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The U.S. DoJ probes graphics makers for antitrust violations

Both AMD and NVIDIA have received subpoenas from the U.S. Department of Justice Antitrust Division in connection with the DOJ’s investigation into potential antitrust violations related to graphics processors and cards. The root of the AMD subpoena is its recent acquisition of ATI Technologies last month, which was approved according to Canadian antitrust laws.


The DOJ has not made any specific allegations against AMD, ATI, or NVIDIA. Both AMD and NVIDIA said that they intend to cooperate with the DOJ in its investigations.


Together, AMD and NVIDIA hold just over half of the entire graphics market, each with about an equal share. Following the news, NVIDIA shares fell 3.6 percent on Nasdaq trade, while AMD shares fell 2.1 percent on the New York Stock Exchange.

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RE: Seriously?
By Sunrise089 on 12/2/2006 1:58:00 PM , Rating: 2
How hard is it for people to try to understand numbers before making a post. If I sell a product for $11 and it costs me $5 to buy it and then $5 to do business (pay my employees, advertise, research new products for the future), my profit margin is 10%. If I raise my price to $12 the next year, that year my profits will have risin 100%. That does not meen I'm making a profit of 100% on the product. I'm actually making a profit of 20%, and that's basically all I can reduce my prices by and not operate at a loss.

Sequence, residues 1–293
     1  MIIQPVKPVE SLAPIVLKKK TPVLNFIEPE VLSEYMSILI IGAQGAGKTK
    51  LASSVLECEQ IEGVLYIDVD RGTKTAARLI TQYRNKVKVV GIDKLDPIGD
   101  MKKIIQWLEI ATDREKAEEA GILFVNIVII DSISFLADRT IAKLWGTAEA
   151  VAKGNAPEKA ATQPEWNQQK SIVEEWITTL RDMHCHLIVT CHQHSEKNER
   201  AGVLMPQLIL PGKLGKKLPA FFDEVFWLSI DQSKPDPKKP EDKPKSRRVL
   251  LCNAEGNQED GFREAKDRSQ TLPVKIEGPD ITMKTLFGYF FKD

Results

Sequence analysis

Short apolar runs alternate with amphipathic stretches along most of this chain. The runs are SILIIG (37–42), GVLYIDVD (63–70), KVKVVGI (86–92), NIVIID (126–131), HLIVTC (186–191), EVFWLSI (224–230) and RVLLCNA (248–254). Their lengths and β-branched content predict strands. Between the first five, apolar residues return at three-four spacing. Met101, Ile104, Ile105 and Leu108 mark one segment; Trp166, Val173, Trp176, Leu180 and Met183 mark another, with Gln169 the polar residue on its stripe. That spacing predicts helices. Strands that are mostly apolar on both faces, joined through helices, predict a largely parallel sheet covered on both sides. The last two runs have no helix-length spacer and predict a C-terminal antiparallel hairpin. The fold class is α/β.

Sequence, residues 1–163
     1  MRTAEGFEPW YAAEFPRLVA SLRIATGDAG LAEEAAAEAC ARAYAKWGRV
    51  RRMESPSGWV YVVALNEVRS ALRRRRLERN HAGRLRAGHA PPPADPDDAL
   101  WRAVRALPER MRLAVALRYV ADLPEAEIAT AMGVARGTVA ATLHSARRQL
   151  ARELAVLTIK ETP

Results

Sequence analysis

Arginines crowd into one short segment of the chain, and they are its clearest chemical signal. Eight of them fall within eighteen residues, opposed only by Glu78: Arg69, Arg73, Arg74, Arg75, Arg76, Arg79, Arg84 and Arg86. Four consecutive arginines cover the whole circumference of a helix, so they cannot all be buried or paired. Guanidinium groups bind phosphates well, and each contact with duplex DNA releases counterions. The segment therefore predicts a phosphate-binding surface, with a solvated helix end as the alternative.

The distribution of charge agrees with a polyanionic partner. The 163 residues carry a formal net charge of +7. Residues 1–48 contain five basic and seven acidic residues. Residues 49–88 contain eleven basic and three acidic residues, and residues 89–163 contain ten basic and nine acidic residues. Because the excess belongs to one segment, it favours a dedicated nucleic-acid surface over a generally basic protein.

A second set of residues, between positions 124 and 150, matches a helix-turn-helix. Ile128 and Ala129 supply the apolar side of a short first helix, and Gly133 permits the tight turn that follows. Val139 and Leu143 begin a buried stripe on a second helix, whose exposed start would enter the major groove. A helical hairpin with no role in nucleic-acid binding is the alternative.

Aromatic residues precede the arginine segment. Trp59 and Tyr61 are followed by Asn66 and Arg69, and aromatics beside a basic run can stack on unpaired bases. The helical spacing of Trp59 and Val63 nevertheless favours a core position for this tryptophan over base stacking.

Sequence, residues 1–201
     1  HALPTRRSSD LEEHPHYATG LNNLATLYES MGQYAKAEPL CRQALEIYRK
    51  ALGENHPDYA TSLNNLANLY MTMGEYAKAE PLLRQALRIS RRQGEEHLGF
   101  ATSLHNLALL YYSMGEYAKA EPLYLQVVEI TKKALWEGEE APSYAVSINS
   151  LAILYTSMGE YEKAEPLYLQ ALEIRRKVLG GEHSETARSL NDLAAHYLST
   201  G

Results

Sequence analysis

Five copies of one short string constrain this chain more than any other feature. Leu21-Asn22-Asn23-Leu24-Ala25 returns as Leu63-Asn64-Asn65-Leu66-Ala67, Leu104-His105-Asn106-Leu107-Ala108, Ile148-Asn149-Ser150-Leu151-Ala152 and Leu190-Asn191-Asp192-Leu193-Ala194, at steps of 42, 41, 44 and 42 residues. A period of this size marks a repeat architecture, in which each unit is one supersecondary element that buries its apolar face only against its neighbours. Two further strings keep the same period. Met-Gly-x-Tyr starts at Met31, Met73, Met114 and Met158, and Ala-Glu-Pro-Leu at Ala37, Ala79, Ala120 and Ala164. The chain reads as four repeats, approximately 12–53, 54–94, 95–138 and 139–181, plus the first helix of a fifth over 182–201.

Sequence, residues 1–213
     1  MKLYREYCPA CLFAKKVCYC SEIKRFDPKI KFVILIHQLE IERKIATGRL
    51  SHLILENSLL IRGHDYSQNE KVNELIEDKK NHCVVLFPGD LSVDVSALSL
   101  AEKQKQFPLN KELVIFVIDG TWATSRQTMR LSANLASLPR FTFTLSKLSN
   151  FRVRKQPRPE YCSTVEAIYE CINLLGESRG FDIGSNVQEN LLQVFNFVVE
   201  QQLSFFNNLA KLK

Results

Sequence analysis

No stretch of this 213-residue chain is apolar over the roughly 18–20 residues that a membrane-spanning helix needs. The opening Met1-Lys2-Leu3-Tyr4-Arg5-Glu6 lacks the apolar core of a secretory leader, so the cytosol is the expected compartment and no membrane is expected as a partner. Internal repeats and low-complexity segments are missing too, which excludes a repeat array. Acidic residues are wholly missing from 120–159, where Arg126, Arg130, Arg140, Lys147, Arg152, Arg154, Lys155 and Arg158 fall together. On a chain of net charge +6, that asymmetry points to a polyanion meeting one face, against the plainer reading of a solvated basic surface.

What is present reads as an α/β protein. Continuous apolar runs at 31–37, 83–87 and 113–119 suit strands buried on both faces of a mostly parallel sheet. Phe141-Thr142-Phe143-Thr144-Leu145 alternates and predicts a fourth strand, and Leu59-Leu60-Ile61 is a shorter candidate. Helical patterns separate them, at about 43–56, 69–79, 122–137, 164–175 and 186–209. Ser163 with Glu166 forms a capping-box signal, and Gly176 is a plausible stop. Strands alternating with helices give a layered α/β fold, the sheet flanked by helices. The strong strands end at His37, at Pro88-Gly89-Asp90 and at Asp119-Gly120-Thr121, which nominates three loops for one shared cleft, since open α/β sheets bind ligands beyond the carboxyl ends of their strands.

Now, let's say I decide I'm going to set my price at a 10% margin on my actual total cost, rather than just deciding to add the dollar to two dollars or whatever. So when my cost is $10, as above, I charge $11. But now say my supplier raises her price to $15, and I still have my $5 additional cost, now I sell my product at $22, and once again show a 100% increase in profits, although I'm making the exact same on each dollar I myself spent. That's the situation the oil companies find themselves in.

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